by Zara Snapp*
For the past 100 years, drug prohibition has been defended around the world (with a few exceptions), demonstrating a so-called “consensus” that is based on the three primary drug control treaties, written in 1961, 1971 and 1988. It has only been in the last years that member states have openly defied these international instruments, advocating on the grounds of cultural importance, in the case of Bolivia and the coca leaf, and respecting human rights, as in the case of Uruguay and the legal regulation of cannabis.
Perhaps the biggest change has come from the guardians of the current drug control system—the United States— which has historically advocated for prohibition, a focus on supply reduction and preserving its authority to support wars around the world under the justification of drug control. And yet, that authority appears to be rapidly shrinking, with four US states (as of now) regulating cannabis for adult, recreational use and 23 other states allowing for medical cannabis use. A majority of US voters support regulating cannabis for adult use, and the federal government has not been able to stymie that momentum. While the international discourse reflects a respect for the treaties and only moderate reforms, internal changes have shown that a new paradigm is possible.
In 2012, countries in Latin America, specifically Mexico, Colombia and Guatemala, requested that the United Nations host a General Assembly Special Session (UNGASS) on Drugs from April 19-21, 2016. These member states advocated for the meeting to take place sooner than expected, citing an urgency due to levels of violence and a lack of clear evaluation of the current strategy. Latin America has been at the forefront of implementing US-led policies and evaluation has shown it to be ineffective in curbing production, trafficking or use.
The light is beginning to show through the cracks of the prohibitionist regime.
The war on drugs (or drug trafficking) was launched in Mexico in 2006, under the leadership of then-President Felipe Calderon, and with the monetary and technical support of the United States. The results have been devastating: more than 150,000 people killed, more than 30,000 people disappeared, and many more displaced due to the violence. Behind each of these numbers, lies a person, with a story, a family and a community that feels the pain of that loss. And yet, a militarized strategy that rules with violence and which has been accused of numerous human rights violations continues to be the law of the land, although the leadership is now in the hands of current President Enrique Peña Nieto. The importance of upholding a controlled image has become the official public discourse within his administration, while the reality is that the numbers of deaths and disappearances attributed to the fight against organized crime continue to rise.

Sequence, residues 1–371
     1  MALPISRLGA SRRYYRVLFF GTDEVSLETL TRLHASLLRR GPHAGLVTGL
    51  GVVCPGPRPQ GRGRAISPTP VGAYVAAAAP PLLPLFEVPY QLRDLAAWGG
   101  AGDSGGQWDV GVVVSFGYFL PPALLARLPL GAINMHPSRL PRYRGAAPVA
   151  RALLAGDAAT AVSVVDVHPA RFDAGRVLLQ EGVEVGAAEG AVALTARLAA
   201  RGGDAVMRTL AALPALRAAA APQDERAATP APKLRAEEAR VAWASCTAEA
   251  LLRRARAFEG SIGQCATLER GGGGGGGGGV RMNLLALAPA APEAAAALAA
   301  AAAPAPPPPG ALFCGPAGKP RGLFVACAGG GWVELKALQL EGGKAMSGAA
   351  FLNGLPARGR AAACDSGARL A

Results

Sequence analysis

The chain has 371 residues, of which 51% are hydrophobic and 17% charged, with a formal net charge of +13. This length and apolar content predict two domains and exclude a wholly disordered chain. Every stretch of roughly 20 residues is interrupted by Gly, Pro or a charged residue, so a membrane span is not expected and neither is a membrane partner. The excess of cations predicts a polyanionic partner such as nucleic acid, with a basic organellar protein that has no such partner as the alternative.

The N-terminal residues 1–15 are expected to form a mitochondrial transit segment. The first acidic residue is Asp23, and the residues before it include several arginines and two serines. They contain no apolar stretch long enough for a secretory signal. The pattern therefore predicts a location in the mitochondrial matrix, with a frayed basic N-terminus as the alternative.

Thus, it came as a surprise to Mexican civil society when the country joined forces with Colombia and Guatemala to call for the UNGASS and complement it with a discourse that has been based in promoting human rights, health and new approaches at the United Nations. Over the past two years, on the international stage, Mexico has played an important role in calling for an open, honest and transparent debate at the UN. They have gone up against countries like Russia and China to advocate for civil society presence and, regionally, they have defended this posture against Cuba, Peru and Chile. Although this fresh discourse from Mexico is a welcome change for reform advocates, Mexico has not implemented any domestic reforms, which only encourages skepticism among the general population within the country.
Between the US defending the drug control treaties, states openly defying these, and Mexico pushing for human rights, health and reducing social harms while waging a war, the United Nations Special Session is sure to be full of surprises. The question is: will anything have changed on April 22, 2016?
* was born in Coatepec, Veracruz, Mexico, grew up in the United States and is currently based in Mexico City. She has worked on varying social issues for the past 15 years, including drug policy reform, human rights, reproductive rights, civic engagement and judicial reform. Zara currently collaborates with the as the policy and communications officer and is a member of the .
Official estimates vary between 120,000-150,000 people killed during the Calderon administration. At one point, they stopped providing the public with the numbers for “public security” purposes. More than 22,000 people were killed in Mexico 2013, however it is unclear how many were related to drug-war violence.